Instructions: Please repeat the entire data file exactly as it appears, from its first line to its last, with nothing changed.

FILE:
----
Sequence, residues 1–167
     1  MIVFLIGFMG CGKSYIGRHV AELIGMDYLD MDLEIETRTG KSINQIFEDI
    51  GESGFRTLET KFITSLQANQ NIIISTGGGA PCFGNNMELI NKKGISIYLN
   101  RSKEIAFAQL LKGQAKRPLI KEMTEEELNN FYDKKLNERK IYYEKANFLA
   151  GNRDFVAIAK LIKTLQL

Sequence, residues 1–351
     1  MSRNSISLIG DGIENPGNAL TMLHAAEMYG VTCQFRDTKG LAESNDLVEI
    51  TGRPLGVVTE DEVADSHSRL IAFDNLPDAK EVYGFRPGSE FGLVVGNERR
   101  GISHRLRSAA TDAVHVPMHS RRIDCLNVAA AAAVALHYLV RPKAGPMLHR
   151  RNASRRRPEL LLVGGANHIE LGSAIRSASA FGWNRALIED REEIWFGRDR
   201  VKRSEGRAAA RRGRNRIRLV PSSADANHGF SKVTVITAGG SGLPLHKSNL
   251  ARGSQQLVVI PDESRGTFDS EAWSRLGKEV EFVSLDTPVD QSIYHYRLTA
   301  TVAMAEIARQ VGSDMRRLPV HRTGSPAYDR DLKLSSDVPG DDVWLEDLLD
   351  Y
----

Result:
Sequence, residues 1–167
     1  MIVFLIGFMG CGKSYIGRHV AELIGMDYLD MDLEIETRTG KSINQIFEDI
    51  GESGFRTLET KFITSLQANQ NIIISTGGGA PCFGNNMELI NKKGISIYLN
   101  RSKEIAFAQL LKGQAKRPLI KEMTEEELNN FYDKKLNERK IYYEKANFLA
   151  GNRDFVAIAK LIKTLQL

Sequence, residues 1–351
     1  MSRNSISLIG DGIENPGNAL TMLHAAEMYG VTCQFRDTKG LAESNDLVEI
    51  TGRPLGVVTE DEVADSHSRL IAFDNLPDAK EVYGFRPGSE FGLVVGNERR
   101  GISHRLRSAA TDAVHVPMHS RRIDCLNVAA AAAVALHYLV RPKAGPMLHR
   151  RNASRRRPEL LLVGGANHIE LGSAIRSASA FGWNRALIED REEIWFGRDR
   201  VKRSEGRAAA RRGRNRIRLV PSSADANHGF SKVTVITAGG SGLPLHKSNL
   251  ARGSQQLVVI PDESRGTFDS EAWSRLGKEV EFVSLDTPVD QSIYHYRLTA
   301  TVAMAEIARQ VGSDMRRLPV HRTGSPAYDR DLKLSSDVPG DDVWLEDLLD
   351  Y